Maybe you already know this, or maybe you don’t, but I am a certified doula (through Childbirth International) as well as a certified health coach through the Dr. Sears Wellness Institute with a focus on pregnancy and families. I love birth. While I’m not pregnant at the moment, I love surrounding myself with anything related to pregnancy, birth, postpartum recovery, etc.
So today, I’m going to talk about the need of probiotics during pregnancy and why you should incorporate more probiotic-rich foods into your diet.
I want to start out by saying that you should always consult with your doctor or other health-care professional if you have any concerns or questions about your health or before you start any new supplement, exercise or herbal remedy. Do not delay obtaining medical or health related advice from your health-care professional because of something you may have read here.
So let’s start out by determining what exactly is a probiotic?
You’ve probably heard the word thrown around before on commercials, but do you really know what it means? Probiotics are “good” or “helpful” bacteria because they help keep your digestive system healthy. They are live bacteria (and yeasts) that are essential for your gut health. They also support the microbes in your intestines when you take antibiotics, which can kill off good microbes. The most common probiotics you’ll find are Lactobacillus, Bifidobacterium, and Saccharomyces.
While there is some discussion over the safety of taking probiotics during pregnancy due to there being such limited research out there, there have been no associations with probiotic use and miscarriages or malformations of any kind. A 2018 study found no evidence that taking probiotics during pregnancy either increases or decreases the risk of preterm birth or other infant and maternal adverse pregnancy outcomes. In fact, probiotics have been considered to have an effect on the likelihood of preeclampsia and gestational diabetes.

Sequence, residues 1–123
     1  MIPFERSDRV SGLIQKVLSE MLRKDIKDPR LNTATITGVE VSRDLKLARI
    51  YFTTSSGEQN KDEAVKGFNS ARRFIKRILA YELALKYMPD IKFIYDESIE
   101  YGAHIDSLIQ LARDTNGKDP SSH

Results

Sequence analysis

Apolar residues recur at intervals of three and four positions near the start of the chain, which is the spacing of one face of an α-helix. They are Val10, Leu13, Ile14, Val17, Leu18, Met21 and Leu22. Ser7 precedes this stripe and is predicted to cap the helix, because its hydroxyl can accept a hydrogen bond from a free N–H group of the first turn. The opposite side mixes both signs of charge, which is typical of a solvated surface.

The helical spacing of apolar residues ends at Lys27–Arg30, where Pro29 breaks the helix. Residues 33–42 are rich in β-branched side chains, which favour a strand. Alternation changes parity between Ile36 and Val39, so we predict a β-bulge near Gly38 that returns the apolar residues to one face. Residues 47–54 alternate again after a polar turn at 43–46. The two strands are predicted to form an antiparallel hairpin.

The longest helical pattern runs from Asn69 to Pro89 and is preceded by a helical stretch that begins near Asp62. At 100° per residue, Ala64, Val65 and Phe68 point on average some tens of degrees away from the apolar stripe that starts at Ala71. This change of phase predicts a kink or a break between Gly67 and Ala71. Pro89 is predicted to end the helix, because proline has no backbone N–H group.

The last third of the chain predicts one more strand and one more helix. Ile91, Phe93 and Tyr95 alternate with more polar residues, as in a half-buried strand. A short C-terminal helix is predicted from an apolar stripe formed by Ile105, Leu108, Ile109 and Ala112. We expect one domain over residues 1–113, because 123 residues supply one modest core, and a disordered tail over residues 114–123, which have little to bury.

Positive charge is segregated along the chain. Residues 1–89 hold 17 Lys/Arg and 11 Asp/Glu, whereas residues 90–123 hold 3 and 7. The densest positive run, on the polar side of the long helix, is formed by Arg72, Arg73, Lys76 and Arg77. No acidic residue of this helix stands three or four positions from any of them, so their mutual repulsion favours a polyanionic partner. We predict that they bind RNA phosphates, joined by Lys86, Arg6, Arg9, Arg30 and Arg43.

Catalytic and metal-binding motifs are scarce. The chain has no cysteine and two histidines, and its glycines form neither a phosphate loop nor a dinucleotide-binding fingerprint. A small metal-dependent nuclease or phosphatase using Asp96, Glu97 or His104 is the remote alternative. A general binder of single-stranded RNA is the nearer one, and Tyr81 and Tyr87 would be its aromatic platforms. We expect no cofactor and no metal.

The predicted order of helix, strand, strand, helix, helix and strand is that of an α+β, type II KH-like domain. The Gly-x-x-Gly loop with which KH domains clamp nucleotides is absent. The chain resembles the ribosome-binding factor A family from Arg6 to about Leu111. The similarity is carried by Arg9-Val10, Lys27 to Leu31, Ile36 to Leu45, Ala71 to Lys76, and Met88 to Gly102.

Let’s face it, when you’re pregnant, you’re prone to all sorts of gastrointestinal issues, especially constipation and diarrhea, both of which probiotics can help with.
Side note: Increasing your fiber and fluid intake are also great ways to help constipation!
So how can you get your probiotics?
One of the easiest methods, excluding the use of supplements, is through live-cultured yogurt. I’m a fan of trying to get everything that I need through the use of whole foods. I recommend that you should have a chat with your doctor to find the best way for you to get your probiotics.
You can also find probiotics in Kefir. You might have heard the term “kefir” before. Kefir a fermented milk (or it can be made with milk substitutes) drink that has been catching on in the health food world in the last few years. It’s made with milk and kefir grains, which is a combination of bacteria, yeasts, milk proteins, and complex sugars.
There are probiotics in fermented foods as well, such as pickles, kimchi, or sauerkraut. Algae, Chlorella, and Spirulina are good sources of Lactobacillus and Bifidobacteria. Miso soup is another great source. Miso is made from fermented barley, beans, rice, or rye.
One of my favorite ways to get my probiotics, though, is by drinking kombucha – which is a fermented tea.
Just be cautious about drinking kombucha while pregnant. There is caffeine (though the good news is the caffeine levels in these teas are lower than regular teas) and many store bought brands contain a lot of sugar. For example, I have about 10 or 11 bottles of kombucha in my fridge from about 5 different brands. They range from 4 grams of sugar per 8 oz serving to 8 grams of sugar.
That’s all I have for today!
I’d love to hear from you if there is a supplement that you’ve tried and liked or how you’ve incorporated probiotics into your life!